the dream?
What is each person doing in the dream?
How do their actions make you feel?
Does a person remind you of anything or anyone in your
Is there some part of you that is like this person, or would
like to be more like this person, or reacts strongly against
3. Describe the objects in your dream as you
would to someone from another planet. What are
they used for? How do they work?
 Do you like or dislike them?
 Do they remind you of anything, any part of
yourself, or anyone in your life?
4.What are the major actions and events in the
 How do you react to them in the dream?
 How do they make you feel?
 Do they remind you of any situations in real life?
5.Considering all the different thoughts that
came to mind as you discussed your dream, how
do you understand your dream now?
 Behaviorists
believe that psychologists can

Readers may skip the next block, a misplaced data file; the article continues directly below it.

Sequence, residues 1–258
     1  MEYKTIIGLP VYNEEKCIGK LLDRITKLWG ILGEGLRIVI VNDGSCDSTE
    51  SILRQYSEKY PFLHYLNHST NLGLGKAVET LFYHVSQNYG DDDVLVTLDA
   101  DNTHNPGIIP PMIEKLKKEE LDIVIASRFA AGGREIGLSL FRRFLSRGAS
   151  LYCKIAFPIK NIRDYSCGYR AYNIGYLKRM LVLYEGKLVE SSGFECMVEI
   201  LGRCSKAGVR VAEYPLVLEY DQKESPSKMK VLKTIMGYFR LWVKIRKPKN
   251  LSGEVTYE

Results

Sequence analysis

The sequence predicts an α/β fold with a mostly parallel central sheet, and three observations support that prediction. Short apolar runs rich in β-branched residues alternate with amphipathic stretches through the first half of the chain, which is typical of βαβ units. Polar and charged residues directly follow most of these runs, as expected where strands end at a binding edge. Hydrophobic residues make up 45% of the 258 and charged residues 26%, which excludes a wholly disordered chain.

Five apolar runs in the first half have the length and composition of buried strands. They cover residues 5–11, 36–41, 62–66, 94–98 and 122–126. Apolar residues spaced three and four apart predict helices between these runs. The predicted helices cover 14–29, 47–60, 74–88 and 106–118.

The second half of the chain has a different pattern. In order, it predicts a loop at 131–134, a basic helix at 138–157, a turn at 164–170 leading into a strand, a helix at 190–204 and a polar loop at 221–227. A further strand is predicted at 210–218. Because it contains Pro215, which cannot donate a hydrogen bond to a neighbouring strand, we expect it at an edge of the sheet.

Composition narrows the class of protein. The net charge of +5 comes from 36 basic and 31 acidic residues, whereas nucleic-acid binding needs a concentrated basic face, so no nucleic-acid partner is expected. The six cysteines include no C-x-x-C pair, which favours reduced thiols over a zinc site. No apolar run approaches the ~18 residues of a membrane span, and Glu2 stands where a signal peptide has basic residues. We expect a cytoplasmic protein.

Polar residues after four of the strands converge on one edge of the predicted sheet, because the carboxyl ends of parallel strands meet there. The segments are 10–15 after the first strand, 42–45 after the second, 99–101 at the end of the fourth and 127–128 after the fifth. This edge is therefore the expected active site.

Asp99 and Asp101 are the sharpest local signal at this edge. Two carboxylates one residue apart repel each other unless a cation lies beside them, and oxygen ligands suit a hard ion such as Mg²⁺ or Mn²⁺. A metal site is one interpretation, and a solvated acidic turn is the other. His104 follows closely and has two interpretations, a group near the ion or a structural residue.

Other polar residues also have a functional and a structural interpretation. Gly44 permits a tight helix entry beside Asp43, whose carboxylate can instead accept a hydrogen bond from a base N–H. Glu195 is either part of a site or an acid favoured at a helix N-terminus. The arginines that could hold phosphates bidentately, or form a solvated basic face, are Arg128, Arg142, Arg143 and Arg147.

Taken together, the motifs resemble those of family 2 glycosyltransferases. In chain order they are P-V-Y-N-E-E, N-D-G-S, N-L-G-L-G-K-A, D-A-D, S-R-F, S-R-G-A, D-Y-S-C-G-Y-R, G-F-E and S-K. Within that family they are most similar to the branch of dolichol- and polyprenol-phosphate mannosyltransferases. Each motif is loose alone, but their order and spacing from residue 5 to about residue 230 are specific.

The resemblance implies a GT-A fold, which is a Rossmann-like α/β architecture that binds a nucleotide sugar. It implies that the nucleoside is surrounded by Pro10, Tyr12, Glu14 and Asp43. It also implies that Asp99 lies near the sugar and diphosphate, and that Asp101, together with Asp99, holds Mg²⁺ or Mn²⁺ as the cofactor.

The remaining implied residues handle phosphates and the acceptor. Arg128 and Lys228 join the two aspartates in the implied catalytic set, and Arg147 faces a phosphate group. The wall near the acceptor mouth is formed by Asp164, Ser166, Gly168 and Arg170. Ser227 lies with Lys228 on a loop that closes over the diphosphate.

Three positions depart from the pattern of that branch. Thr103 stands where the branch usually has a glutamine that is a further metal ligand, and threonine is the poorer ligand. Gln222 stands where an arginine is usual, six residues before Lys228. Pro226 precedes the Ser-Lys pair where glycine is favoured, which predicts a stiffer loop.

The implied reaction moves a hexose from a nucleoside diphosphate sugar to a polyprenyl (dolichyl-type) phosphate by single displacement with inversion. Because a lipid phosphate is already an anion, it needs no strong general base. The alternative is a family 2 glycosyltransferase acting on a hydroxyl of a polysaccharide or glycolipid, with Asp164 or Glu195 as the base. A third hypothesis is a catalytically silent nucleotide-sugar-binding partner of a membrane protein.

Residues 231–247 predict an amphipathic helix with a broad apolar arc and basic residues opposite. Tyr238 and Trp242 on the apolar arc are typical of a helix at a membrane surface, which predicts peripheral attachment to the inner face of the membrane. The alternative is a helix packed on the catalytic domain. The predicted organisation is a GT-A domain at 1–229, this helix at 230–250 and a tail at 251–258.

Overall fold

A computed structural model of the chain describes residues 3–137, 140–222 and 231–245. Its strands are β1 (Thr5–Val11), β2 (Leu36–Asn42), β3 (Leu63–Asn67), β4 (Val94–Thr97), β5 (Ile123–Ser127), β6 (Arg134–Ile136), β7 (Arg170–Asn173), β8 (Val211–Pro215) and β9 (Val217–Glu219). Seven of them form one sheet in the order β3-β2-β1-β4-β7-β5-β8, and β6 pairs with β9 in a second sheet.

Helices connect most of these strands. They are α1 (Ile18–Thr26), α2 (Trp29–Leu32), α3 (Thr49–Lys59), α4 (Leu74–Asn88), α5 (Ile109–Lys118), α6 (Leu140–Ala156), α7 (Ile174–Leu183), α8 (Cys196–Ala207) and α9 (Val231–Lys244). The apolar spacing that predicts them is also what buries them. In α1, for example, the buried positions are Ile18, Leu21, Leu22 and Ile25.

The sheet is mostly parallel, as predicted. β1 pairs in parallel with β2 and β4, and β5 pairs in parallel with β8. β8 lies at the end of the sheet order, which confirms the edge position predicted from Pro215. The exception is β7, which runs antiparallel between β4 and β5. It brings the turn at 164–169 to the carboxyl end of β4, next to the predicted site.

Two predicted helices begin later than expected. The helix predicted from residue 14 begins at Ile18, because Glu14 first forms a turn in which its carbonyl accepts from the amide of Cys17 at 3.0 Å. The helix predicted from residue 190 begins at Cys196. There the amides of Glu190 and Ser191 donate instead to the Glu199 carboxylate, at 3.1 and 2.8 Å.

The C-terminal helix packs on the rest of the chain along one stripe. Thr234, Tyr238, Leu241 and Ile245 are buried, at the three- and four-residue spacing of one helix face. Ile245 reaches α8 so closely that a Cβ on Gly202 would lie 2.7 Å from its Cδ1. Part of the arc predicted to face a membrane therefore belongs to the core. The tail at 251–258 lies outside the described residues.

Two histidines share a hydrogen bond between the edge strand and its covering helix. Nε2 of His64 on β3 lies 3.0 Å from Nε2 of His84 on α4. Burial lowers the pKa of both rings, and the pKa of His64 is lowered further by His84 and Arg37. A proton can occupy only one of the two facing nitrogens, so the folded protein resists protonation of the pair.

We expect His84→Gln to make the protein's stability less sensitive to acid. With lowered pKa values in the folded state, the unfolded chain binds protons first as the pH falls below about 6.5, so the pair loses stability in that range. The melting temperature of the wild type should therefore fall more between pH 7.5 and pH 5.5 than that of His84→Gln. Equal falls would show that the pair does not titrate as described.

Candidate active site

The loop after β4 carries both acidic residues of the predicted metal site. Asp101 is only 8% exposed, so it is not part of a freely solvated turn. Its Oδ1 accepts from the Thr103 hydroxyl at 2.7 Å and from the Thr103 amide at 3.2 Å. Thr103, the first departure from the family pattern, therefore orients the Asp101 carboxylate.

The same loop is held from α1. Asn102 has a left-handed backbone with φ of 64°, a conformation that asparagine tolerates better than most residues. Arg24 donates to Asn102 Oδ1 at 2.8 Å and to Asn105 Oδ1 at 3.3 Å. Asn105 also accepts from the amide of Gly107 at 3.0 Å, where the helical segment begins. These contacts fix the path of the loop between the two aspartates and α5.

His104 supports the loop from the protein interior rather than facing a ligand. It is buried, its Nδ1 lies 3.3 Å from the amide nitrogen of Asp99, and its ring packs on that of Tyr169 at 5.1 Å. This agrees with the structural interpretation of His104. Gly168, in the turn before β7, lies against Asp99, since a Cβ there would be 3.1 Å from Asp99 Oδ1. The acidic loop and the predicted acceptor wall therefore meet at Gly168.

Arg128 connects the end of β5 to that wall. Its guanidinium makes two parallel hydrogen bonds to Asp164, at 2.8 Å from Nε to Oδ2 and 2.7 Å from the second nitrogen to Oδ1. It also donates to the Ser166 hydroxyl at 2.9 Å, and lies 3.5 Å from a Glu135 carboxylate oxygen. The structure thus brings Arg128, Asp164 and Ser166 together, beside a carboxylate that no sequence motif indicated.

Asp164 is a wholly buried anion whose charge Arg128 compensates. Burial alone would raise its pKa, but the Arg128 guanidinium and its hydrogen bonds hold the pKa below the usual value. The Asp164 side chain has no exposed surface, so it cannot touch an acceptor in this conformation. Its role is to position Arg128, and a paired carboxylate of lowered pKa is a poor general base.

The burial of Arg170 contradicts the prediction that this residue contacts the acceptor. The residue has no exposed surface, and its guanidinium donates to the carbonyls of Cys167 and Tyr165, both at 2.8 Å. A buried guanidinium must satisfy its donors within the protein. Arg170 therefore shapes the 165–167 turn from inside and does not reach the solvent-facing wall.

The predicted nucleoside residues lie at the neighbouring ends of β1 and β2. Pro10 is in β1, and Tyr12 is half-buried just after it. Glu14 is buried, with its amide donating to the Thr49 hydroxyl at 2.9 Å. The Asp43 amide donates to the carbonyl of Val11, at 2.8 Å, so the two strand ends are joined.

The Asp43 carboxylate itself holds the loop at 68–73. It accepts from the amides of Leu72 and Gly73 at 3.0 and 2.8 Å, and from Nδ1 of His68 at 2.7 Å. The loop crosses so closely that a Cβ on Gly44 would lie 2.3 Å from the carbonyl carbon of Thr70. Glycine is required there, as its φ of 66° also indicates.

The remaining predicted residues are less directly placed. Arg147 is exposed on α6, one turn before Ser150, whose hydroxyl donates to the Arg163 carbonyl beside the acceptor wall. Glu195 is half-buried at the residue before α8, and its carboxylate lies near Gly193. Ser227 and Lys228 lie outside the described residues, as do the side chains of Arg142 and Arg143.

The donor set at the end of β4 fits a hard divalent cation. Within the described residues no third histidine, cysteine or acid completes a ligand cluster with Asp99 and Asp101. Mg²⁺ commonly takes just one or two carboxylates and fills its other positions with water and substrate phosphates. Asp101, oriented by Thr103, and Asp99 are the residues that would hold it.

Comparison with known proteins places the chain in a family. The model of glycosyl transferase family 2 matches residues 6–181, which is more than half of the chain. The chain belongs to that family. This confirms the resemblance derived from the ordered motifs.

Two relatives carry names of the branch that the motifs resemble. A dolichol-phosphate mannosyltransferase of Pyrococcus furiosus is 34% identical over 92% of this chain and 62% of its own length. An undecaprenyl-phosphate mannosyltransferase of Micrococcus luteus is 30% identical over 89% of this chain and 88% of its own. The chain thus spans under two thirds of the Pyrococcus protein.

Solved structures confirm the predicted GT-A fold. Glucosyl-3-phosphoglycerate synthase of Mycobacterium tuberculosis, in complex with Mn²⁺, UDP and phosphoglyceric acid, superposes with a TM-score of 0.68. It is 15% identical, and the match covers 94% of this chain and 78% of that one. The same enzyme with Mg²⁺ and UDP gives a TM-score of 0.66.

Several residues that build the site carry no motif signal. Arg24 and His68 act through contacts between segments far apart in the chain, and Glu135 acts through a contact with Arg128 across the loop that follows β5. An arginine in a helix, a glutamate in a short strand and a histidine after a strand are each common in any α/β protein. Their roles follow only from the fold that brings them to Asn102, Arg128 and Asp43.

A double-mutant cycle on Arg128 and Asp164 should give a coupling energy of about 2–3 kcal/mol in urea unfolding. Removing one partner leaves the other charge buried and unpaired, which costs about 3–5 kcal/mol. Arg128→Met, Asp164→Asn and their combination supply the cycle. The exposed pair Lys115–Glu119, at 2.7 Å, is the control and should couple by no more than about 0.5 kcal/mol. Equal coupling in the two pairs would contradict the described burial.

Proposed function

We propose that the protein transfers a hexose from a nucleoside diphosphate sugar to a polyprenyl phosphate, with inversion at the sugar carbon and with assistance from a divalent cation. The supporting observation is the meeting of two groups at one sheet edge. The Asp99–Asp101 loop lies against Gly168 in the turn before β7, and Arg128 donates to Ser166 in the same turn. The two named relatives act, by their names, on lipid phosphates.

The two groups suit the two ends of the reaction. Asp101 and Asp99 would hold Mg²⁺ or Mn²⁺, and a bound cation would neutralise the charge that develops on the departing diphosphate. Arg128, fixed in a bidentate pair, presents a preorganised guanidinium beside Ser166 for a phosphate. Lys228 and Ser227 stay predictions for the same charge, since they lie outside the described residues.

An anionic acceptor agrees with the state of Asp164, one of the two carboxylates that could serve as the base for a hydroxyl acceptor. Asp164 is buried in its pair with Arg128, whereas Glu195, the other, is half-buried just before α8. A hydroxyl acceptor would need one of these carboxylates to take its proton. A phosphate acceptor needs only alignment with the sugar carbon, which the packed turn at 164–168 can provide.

predict and control or modify human
behavior by identifying the factors that
motivate it in the first place
 Behaviorists
placed particular stress on the
early childhood years, and the rules or
practices parents use to raise their children
 They
believe these methods have a huge
influence on the character of individuals
even into adulthood
CHARLES B. WATSON (18781958)
The founder of
He used animal
experiments to
determine whether strict
of flexible learning
patterns are more
Wrote book
“Psychological Care of
the Infant and Child”
concluded that children
should be brought up
using a ‘scientific’,
strictly scheduled, rulesbased model.
He believed that a
permissive approach to
child rearing, rather than
a strict one, would result
in successful, welladjusted adults.
He encouraged parents